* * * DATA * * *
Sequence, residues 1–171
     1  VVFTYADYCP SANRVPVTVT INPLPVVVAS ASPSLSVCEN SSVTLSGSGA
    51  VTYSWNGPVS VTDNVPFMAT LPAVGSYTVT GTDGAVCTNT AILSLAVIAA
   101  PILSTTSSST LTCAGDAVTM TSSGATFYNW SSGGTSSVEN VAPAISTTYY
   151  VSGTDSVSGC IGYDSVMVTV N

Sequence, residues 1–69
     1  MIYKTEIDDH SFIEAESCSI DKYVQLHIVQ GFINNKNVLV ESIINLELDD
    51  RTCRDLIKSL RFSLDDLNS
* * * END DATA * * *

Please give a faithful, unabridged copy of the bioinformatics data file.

Sequence, residues 1–171
     1  VVFTYADYCP SANRVPVTVT INPLPVVVAS ASPSLSVCEN SSVTLSGSGA
    51  VTYSWNGPVS VTDNVPFMAT LPAVGSYTVT GTDGAVCTNT AILSLAVIAA
   101  PILSTTSSST LTCAGDAVTM TSSGATFYNW SSGGTSSVEN VAPAISTTYY
   151  VSGTDSVSGC IGYDSVMVTV N

Sequence, residues 1–69
     1  MIYKTEIDDH SFIEAESCSI DKYVQLHIVQ GFINNKNVLV ESIINLELDD
    51  RTCRDLIKSL RFSLDDLNS